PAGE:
par Brendon Nafziger
, DOTmed News Associate Editor | November 15, 2012
An MRI located on the ground floor in an outpatient clinic area of the Manhattan VA hospital was "destroyed" during flooding from Superstorm Sandy nearly two weeks ago.
"The damage at the Manhattan campus is extensive," the hospital's director Martina A. Parauda said in a statement.
The Siemens Avanto scanner was one of many pieces of equipment at the hospital to be ruined by the historic storm, which closed down several hospitals in New York City as it ploughed up the East Coast, killing over 100, leaving millions without power and racking up tens of billions of dollars in damages.
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The storm, which unleashed a powerful storm surge that soaked lower Manhattan, caused between 4 and 5 feet of flooding in the sub-basement and ground floor, where the scanner was located, a spokeswoman for the VA New York Harbor Healthcare System told DOTmed News by e-mail.
The MRI was wrecked and needs to be replaced after being immersed in the water, she said.
Luckily, no one was hurt in the flooding of the hospital, as nearly 100 patients had been evacuated on Oct. 28, before the storm landed.
The hospital, located on East 23rd street hard by the East River, said it was too early to say when things will be up and running again. The sub-basement housed the hospital's utilities, meaning mechanical switches and other electrical equipment were destroyed.
The hospital experienced
4-5 feet of flooding.
(Credit: VA New York Harbor
"The damages have been assessed by VA Central Office, but we do not know yet what we are looking at in terms of a timeline," the spokeswoman said.
She said once utilities are restored, the hospital will undertake a construction project to move the outpatient facilities off the ground floor.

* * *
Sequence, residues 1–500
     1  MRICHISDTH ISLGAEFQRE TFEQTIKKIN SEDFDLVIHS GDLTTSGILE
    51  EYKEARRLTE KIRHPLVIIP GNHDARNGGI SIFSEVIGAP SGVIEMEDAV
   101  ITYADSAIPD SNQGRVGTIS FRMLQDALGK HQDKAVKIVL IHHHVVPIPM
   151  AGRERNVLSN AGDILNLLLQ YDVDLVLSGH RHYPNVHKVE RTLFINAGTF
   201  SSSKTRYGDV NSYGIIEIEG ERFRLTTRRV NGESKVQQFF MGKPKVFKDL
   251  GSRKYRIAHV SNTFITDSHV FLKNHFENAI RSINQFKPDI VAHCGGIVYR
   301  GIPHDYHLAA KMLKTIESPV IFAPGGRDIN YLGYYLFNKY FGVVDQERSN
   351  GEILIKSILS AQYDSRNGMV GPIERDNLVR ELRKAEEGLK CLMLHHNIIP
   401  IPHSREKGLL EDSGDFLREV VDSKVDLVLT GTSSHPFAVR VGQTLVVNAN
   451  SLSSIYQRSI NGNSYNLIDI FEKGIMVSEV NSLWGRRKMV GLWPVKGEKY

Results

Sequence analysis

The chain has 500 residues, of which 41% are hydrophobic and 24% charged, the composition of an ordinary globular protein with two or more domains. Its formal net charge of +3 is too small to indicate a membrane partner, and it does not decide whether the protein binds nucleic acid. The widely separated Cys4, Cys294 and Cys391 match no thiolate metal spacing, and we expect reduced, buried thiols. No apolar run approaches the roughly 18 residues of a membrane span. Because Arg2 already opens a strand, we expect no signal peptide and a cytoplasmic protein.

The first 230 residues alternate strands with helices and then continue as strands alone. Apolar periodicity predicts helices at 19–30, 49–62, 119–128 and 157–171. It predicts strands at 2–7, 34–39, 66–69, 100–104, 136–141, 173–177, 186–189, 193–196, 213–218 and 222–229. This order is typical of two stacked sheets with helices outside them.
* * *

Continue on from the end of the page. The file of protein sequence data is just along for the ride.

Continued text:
The new MRI unit would likely be set up in a new location, and the hospital would not need to replace it with an identical model, she added.
She wasn't able to give a cost estimate for the lost MRI. The average cost of a new MRI is $1.95 million, according to recent figures from the Modern Healthcare/ECRI Institute Technology Price Index.
Sandy made landfall near New Jersey on Oct. 29, whipping the East Coast with powerful winds and sending floodwaters across the region. Considered one of the worst storms to ever hit New York City, it left thousands without power for weeks and shut down the subway system millions depend on to get to work. More than 43 New Yorkers also lost their lives — many drowned, but some perished from falling trees, downed power lines and other hazards.
The total death toll for the storm is estimated at more than 121 and the cost from damages and economic losses could exceed $50 billion, according to Reuters.
Bellevue Hospital and New York University Langone Medical Center were also evacuated after the storm hit. The NYU hospital, which had not planned on evacuating, had to make the call after backup generators failed. It remains closed after sustaining damages from the storm, according to the hospital's website.
NY1 reported that full service would likely be restored to Bellevue Hospital in early February. Coney Island Hospital, also hit by the storm, is currently only offering primary care services, but should completely reopen in January, NY1 said.